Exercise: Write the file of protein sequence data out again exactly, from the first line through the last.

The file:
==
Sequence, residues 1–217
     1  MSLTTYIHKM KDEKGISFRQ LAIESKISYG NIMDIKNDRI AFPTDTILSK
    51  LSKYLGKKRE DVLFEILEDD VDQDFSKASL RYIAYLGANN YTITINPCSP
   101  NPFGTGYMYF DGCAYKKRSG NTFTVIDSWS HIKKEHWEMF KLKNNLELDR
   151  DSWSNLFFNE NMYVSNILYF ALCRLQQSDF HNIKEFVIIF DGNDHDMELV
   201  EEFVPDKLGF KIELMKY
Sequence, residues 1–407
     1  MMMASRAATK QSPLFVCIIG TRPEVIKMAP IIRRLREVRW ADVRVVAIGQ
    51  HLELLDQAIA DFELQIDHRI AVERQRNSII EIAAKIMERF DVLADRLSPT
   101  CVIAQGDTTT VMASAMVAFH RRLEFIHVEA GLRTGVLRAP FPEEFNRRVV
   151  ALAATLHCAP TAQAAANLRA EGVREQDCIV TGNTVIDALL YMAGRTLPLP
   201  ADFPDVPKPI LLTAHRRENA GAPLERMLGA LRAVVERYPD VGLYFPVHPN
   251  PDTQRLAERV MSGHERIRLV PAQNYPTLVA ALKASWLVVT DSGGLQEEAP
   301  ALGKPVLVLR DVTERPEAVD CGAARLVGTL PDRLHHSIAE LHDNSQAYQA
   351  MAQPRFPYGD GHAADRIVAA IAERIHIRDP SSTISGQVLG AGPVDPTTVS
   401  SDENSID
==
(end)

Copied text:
Sequence, residues 1–217
     1  MSLTTYIHKM KDEKGISFRQ LAIESKISYG NIMDIKNDRI AFPTDTILSK
    51  LSKYLGKKRE DVLFEILEDD VDQDFSKASL RYIAYLGANN YTITINPCSP
   101  NPFGTGYMYF DGCAYKKRSG NTFTVIDSWS HIKKEHWEMF KLKNNLELDR
   151  DSWSNLFFNE NMYVSNILYF ALCRLQQSDF HNIKEFVIIF DGNDHDMELV
   201  EEFVPDKLGF KIELMKY
Sequence, residues 1–407
     1  MMMASRAATK QSPLFVCIIG TRPEVIKMAP IIRRLREVRW ADVRVVAIGQ
    51  HLELLDQAIA DFELQIDHRI AVERQRNSII EIAAKIMERF DVLADRLSPT
   101  CVIAQGDTTT VMASAMVAFH RRLEFIHVEA GLRTGVLRAP FPEEFNRRVV
   151  ALAATLHCAP TAQAAANLRA EGVREQDCIV TGNTVIDALL YMAGRTLPLP
   201  ADFPDVPKPI LLTAHRRENA GAPLERMLGA LRAVVERYPD VGLYFPVHPN
   251  PDTQRLAERV MSGHERIRLV PAQNYPTLVA ALKASWLVVT DSGGLQEEAP
   301  ALGKPVLVLR DVTERPEAVD CGAARLVGTL PDRLHHSIAE LHDNSQAYQA
   351  MAQPRFPYGD GHAADRIVAA IAERIHIRDP SSTISGQVLG AGPVDPTTVS
   401  SDENSID